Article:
R | 1 hour 40 min | Action, Comedy, Crime | 24 March 2017 (USA)
Dax Shepard is a Hollywood “triple-threat”—an actor who acts, writes, and directs (the New York triple-threat acts, sings, and dances). He also races (and stunt rides) top-end Ducati motorcycles—so who better to make a movie version of the 1970s motorcycle cop TV show “CHiPS,” right? Sort of.
Is “CHIPS” any good? It’s hilarious! It’s also got much grossness. But then, so does every R-rated comedy these days; comedy and bawdiness have gone hand in hand since the ancient Greeks. Not justifying, just saying.
“CHIPS” will do nothing for your moral standard, but if you like the thought of A-lister Michael Peña doing a clown version of his work in the crime drama “End of Watch,” if you enjoy buddy-cop banter, or if you love motorcycles, you’ll likely laugh yourself silly.
You’ll also probably be 20-something, wear your baseball-cap backwards, say words like “bro” and “dude,” own your own pool cue, and “rent” lots of beer. Straight out of the gate, I predict “CHIPS” will become a perennial mega-hit with the frat-house/sorority set.
Nice dude Jonathan Andrew Baker (Shepard) and smart-mouth Francis Llewellyn Poncherello (not his real name) (Peña) play newly minted California Highway Patrol (CHP) motorcycle cops.
Baker’s a washed-up former pro-motocross biker, still sporting a ripped, 42-going-on-19 athlete’s bod, and hoping to re-spark his foundering marriage to Karen (played by Shepard’s real-life wife, Kristen Bell, a Hollywood A-list comedienne in her own right).
Poncherello is working undercover for the FBI. He’s got a penchant for shooting bullets through his partners’ bodies to hit the bad guys standing behind them. Ponch is tracking a CHP insider, dirty-cop scam.
And so, in terms of a plot—uh-th-that’s all, folks!
More Bro Dudes!
Peña is personally one of my favorite actors working today. He can slam-dunk comedy and drama equally well, and when in comedic mode, he’ll steal scenes from most funny actors. So imagine my surprise when Shepard actually stole most of the scenes here. Well, you know, he wrote it, directed it, and stars in it—a guy with that much movie mojo would be a little bit pathetic if he couldn’t steal his own movie. Still, it’s no easy feat to pull off, going up against Peña.
Now, “going up against Peña,” er, physically, is the source of a giant portion of the frat-boy humor here. Dedicated to one of the favorite sources of male humor enjoyed by contact sports teams and military platoons everywhere, it’s the having of flapping, flailing, panicked hysterics because their bodies inadvertently, inappropriately touched. There’s one particular instance of this that’s guaranteed to have the boys of Phi Slama Jama and the girls of Delta Phi Delta spraying beer through their noses. Needless to say, this deeply ingrained “hetero fear trigger” will not go over well in today’s politically correct world.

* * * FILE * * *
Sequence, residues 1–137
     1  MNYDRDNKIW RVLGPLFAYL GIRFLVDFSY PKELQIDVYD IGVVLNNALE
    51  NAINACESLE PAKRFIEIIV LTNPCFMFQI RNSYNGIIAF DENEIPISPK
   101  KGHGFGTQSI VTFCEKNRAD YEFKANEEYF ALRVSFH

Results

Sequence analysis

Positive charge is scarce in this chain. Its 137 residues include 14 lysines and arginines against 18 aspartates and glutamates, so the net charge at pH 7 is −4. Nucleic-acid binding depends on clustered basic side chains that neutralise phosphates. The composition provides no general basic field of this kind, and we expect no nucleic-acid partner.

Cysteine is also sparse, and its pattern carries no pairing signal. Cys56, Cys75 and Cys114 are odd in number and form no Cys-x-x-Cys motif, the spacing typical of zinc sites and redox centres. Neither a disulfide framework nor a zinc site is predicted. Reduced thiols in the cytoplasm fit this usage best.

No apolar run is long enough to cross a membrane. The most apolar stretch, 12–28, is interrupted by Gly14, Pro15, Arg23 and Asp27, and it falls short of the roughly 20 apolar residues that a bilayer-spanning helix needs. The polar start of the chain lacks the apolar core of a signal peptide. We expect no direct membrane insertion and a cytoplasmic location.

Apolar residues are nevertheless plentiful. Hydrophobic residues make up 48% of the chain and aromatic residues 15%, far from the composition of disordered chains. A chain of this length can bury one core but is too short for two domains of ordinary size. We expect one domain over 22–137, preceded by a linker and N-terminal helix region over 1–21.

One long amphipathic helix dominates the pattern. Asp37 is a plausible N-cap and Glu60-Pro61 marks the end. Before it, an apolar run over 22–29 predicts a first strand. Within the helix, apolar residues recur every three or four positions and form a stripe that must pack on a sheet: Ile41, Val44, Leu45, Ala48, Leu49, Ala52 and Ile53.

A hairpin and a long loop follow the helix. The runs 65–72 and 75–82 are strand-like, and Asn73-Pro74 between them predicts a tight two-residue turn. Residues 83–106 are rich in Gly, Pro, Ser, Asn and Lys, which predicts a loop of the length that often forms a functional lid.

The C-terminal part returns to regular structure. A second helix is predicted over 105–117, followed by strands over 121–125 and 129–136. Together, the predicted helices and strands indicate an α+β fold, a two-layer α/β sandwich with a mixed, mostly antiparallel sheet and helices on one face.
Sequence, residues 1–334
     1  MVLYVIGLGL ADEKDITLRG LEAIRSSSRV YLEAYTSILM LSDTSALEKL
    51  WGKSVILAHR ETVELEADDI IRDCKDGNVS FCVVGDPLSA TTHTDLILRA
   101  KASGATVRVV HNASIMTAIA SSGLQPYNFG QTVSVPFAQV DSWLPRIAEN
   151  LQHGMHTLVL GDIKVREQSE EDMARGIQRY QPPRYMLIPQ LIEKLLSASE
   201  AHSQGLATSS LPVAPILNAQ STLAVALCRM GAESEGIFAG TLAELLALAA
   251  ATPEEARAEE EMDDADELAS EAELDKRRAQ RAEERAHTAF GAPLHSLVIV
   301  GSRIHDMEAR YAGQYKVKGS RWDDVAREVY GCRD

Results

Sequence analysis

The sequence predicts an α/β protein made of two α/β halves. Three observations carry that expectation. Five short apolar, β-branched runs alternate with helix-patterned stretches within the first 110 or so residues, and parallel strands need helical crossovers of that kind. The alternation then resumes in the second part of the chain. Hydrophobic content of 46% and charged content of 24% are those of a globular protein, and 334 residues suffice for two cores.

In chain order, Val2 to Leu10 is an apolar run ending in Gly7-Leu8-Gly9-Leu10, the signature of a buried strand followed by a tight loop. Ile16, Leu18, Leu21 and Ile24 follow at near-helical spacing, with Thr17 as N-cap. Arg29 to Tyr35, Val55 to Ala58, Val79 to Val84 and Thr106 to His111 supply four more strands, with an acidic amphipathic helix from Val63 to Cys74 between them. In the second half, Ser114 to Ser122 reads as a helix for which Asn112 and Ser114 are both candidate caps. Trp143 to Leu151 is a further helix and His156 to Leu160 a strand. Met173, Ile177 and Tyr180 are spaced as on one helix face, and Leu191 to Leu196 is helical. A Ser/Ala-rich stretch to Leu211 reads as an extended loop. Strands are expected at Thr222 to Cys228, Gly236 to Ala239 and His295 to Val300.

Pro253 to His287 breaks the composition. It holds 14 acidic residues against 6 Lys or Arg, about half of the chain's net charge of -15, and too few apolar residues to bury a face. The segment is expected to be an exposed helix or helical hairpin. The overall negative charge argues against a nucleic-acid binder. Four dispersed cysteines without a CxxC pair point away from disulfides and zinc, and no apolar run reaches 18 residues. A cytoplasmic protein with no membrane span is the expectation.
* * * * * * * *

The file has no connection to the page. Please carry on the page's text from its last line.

The other source of hilarity is the personality clash between Jon’s touchy-feely, self-help-y, TMI approach to life, and Ponch’s hyper-macho, deflect-y denial.
It’s a predictable Felix/Oscar, odd couple-type pairing, but Shepard-as-Jon does a very fun job of examining Peña-as-Ponch’s various furtive, dysfunctional behaviors and exposing them in that classic, shaming, bird dog sniffing around, mommy way, in which moms quietly home in on and suddenly dig Junior’s bare-naked lady photos out his sock drawer, and say, “What’s this?!” To Ponch’s immense chagrin. This is highly pleasing.
One note of annoying wrongness is the pain killer-dependent Jon (look at all the biker scars right there!) constantly, excruciatingly banging and falling on his bad knee, only to gracefully mount over obstacles like Santa’s reindeer a minute later.
The Bikes, Dude
The chase scenes aren’t nearly as good as what Tom Cruise pulls off in the “Mission Impossible” series, but even if you’re a biker with a die-hard Harley Davidson fetish, you may find yourself strangely itching to try out one of those monstrously speed-demony, 110-horsepower Ducati Hypermotard bikes. More effective frat-boy/dude marketing.
But What About Quality?
Huh? What are you talking about? Seriously? Ohhh, right, “quality”—you’re talking about the main thesis of “Zen and the Art of Motorcycle Maintenance” and not about a sophomoric movie, about motorcycle cops. Well … the you-knew-it-was-coming Erik Estrada cameo falls flat, the tone is inconsistent, the plot is moronic, and the boy banter is definitely dirty.
Even so, you don’t end up feeling quite as slime-balled as you would by those cynically manufactured studio comedies. This is the Dax show, and Dax is a decidedly likable dude.
And “CHIPS” will be triple-threat Dax’s big chip in the game. He’ll be a Hollywood player now, and be given carte blanche to make mo’ money for the man. The critics will be scathing, but the moviegoers will give it a thumbs-up: “Dude! ‘CHIPS’ and chips and beer-pong in the quad tonight!” “Awwriiight!”
Rated R for crude sexual content, graphic nudity, pervasive language, some violence, and drug use.
Director: Dax Shepard
Cast: Dax Shepard, Michael Peña, Vincent D’Onofrio, Kristen Bell
Running Time: 1 hour, 40 minutes
Release Date: March 24
Rated 3 stars out of 5